I was a teenage runaway back in 1986. When I arrived in London, like many I headed up to the west end of London and found St Martin’s church. With nowhere to sleep I learnt about the demonstrations and stayed a while. For a naive 17-year-old from the Midlands it strangely gave a safe environment. This despite the snatch squad from the police who were taking demonstrators when they left to get food or go toilet. I think I stayed nearly a week, learning about London, where to get a safe sleep, and ironically learning about Mandela. … After moving to a hostel nearby, I used to come down and sit on the steps of St Martin’s. (Personal communication with Chris, 10 December 2013)
Through its constant presence in Trafalgar Square, the Non-Stop Picket provided nearby homeless youth with a place to hangout and engage with people, where they were not necessarily defined by their homelessness. The lives of the area’s homeless people had their own specific rhythms; but the Non-Stop Picket connected with the daily and weekly cycles of the city in other ways too. Debbie told us,
I used to visit the NSP from time to time, mainly accompanying a friend who did a regular early morning slot before she went to work! It’s all pretty vague, but I do remember having a sense of belonging to a family. I recall, as has been previously mentioned, the police ‘snatch squads’ who would just pinch people when they strayed from the picket. I remember the wonderful singing, the chants, but most of all the camaraderie between people of all walks of life with a common purpose. (Personal communication with Debbie, 7 December 2013)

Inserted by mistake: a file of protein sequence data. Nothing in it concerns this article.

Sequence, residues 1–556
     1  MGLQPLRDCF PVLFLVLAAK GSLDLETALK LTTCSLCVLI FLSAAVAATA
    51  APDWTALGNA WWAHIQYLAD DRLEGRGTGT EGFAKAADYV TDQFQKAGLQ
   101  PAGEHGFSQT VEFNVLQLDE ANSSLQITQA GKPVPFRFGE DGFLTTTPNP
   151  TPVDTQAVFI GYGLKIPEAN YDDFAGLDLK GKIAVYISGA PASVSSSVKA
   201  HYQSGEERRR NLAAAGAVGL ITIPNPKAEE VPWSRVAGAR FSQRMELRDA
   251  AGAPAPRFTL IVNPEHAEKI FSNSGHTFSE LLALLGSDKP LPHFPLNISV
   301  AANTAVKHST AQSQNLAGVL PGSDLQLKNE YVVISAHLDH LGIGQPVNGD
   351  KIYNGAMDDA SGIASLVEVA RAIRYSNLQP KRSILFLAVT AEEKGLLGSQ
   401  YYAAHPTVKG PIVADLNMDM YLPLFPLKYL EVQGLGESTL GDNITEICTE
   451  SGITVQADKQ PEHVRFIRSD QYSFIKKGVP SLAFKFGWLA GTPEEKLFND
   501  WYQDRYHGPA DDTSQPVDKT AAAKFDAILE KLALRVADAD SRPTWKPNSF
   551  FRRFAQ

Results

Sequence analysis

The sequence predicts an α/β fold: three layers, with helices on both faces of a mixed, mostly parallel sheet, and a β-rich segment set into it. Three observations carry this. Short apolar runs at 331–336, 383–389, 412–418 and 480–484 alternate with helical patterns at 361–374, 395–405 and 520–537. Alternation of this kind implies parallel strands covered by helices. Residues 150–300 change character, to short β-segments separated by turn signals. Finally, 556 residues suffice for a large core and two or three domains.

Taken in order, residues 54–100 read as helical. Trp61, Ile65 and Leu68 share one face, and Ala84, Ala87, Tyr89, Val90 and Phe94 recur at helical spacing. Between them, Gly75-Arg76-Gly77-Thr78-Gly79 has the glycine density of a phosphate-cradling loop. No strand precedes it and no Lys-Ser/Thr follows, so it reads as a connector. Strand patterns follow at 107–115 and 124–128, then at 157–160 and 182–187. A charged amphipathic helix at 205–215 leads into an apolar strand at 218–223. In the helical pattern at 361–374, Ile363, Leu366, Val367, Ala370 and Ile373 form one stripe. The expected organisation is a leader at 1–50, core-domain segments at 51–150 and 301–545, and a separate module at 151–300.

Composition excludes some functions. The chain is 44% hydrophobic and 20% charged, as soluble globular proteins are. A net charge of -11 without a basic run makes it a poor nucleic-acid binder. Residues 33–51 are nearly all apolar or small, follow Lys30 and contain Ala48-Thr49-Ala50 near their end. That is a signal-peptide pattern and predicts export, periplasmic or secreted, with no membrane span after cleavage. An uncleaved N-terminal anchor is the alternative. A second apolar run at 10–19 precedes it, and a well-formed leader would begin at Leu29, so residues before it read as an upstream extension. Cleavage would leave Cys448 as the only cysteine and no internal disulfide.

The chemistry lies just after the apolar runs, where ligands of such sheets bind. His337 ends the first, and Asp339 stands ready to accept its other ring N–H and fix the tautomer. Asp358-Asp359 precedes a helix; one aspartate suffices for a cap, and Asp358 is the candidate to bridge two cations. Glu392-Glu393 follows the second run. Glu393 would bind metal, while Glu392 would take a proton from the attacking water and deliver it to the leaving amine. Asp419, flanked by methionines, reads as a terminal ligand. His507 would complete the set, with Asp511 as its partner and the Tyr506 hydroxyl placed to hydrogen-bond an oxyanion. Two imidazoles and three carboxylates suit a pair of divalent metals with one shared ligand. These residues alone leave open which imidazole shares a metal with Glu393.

If Debbie and her friend attended the Picket in the early mornings on the way to work, other people fitted their attendance around work in other ways. Sandi described herself as “a recent immigrant from the Caribbean, a teenage girl, of mixed race” who was working in Top Shop at Oxford Circus. She attended the picket whenever she could, but often “just [on] Wednesday afternoons after early closing” (personal communication, 6 December 2013). In 1989, Fiona was 19 and working as a nanny in London:
When I could I visited the National Gallery as much as possible and the protest that was always outside South Africa House made me curious. Once I knew what it was about, I had to be involved. … For eighteen months I was part of the picket in 1989/90. I picketed during the day on my days off and would stay until the last tube home mostly. (Personal communication with Fiona, 5 December 2013)
For Graham, who then worked “as motorcycle courier, or on market stalls”, visits to the Picket were fitted in more around the rhythms of his social life than work commitments. He offers a fascinating insight into how the Non-Stop Picket served multiple functions for its different constituencies and fitted into many different circuits of the West End:
I live at the Elephant, and often walked home from clubbing in the West End. I knew about the picket, and was happy to join it, especially in the small hours when I could get some fresh air before walking home. I never questioned why there were so many gay men there, until someone told me years later it was a cruising site. I had naively assumed that the gay community was merely in solidarity with the South Africans, and never thought it further. I spent many hours chatting away, not realising what was going on, happy to be supporting the struggle, before leaving for home. (Personal communication with Graham, 6 December 2013).